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Depression & Dating: On Being Rejected Because I’ve Been Diagnosed With Depression

by in Relationships on 14th December, 2018

I’m looking for a husband; A halal-pal-for-life. And so I have spent the last few months swiping right, or sometimes left, on profiles of Muslim men who are on the same search.

Rejection is never fun but the knowledge that a man is just as entitled as me, to decide what he wants in a partner over-rides my confusion and, sometimes, hurt. Marriage is a lifetime decision and I’m fully aware that there are some things which just cannot be compromised on. From an Islamic perspective, we are taught to marry for religion and good character. While there are things which we shouldn’t compromise on, I think it is fair to say that some of us have gone too far in what we consider to be deal-breakers.

Perhaps in the initial stages of my search, I too was guilty of this. I am a tiny woman, but for a long time, I searched for a man of 6 foot or above. I found myself forgetting that perfection does not exist; that we are all fundamentally human and that people cannot be judged, solely, on the basis of an initial glance, the way they dress, what they do for a living or what they have done in the past.

With time, I have realised the importance of other things: how well a man and I could communicate with one another; an open mind, tolerance and empathy.Essentially, I have learned to look for what would be integral to making a happy home rather than whose arm I would look good on.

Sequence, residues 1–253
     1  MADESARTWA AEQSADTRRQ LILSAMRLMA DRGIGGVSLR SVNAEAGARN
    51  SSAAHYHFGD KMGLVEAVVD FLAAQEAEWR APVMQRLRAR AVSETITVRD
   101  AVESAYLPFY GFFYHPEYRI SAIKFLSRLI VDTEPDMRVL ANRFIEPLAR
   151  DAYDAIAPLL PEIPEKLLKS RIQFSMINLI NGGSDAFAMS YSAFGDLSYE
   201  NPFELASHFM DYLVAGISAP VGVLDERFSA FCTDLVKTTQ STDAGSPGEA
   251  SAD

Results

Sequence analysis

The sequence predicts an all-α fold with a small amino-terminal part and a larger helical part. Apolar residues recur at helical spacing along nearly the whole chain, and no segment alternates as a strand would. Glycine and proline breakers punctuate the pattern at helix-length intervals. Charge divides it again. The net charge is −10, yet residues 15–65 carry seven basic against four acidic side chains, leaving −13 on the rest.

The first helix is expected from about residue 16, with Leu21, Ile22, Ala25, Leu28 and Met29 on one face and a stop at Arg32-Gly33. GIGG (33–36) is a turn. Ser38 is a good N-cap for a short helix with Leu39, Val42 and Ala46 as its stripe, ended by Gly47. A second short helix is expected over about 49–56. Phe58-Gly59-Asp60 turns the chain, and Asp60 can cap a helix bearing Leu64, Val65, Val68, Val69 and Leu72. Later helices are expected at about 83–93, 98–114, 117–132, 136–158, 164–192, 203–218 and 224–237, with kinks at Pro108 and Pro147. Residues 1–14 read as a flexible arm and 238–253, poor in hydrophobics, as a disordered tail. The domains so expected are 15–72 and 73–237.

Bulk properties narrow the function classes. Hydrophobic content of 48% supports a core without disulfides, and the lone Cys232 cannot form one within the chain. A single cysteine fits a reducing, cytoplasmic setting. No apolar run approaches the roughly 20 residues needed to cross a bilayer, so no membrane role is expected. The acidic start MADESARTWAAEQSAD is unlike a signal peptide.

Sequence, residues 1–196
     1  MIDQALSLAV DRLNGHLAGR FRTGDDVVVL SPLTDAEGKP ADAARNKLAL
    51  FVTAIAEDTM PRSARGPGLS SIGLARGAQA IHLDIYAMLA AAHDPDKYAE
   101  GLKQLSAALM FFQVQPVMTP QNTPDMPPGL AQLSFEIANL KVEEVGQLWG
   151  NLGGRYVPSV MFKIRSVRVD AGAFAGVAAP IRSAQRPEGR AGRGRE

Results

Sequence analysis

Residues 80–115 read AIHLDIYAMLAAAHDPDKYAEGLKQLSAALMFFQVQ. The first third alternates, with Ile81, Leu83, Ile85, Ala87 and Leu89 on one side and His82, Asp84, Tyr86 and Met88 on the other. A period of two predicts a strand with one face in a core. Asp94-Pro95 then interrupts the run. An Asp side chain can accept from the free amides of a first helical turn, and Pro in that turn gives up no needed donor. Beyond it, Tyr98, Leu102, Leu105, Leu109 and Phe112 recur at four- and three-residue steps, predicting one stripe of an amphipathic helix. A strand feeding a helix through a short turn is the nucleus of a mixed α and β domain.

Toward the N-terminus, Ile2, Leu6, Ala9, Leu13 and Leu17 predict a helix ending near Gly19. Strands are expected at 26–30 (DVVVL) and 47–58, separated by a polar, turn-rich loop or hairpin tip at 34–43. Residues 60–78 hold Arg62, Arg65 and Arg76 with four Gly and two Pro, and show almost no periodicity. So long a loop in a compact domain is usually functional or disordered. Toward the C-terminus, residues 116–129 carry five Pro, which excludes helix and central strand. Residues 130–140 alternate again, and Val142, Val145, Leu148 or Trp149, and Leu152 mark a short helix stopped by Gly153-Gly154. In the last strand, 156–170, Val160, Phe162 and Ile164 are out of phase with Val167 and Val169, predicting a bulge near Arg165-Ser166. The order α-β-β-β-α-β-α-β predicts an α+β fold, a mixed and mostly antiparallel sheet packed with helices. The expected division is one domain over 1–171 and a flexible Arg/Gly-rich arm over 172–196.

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Most recently, a man decided he didn’t want to take things further with me because I have depression and am undertaking treatment in the form of medication and therapy.

I have wondered why this particular rejection has been more painful and frustrating than the ones preceding it. After much introspection, I can only come to one conclusion – the anger stems from the fact that I was judged unfairly.

In fact *I* wasn’t judged at all.

The things which make me, me, both and good and bad, have played no role in this prospective spouses’ decision-making.

I have been judged on the basis of a diagnosis. A label.

For this particular man, negative conceptions of depression have blinded him to my status as an individual and what *I* – not my diagnosis – would bring to a marriage.

I am not the first and – unfortunately – will not be the last to be judged by my diagnosis. But it is the first time that I have been affected by the stigma toward mental health so personally…so abruptly. Initially, this experience prompted me to try and uncover the thought processes which result in prejudice toward women with depression, in the marriage market, and to try and dispel the notion that depressed women make bad wives.

I am not the first and – unfortunately – will not be the last to be judged by my diagnosis.

I had written several pages detailing the prejudices which accompany depression: “depressed people are over-sensitive and ungrateful”, “they don’t try hard enough to fix their problems”, and how this may have resulted in reducing the likelihood of marriage among women with depression.

I put myself into the probably-smelly man-shoes of potential spouses and tried to imagine what they thought being married to a woman with depression would like.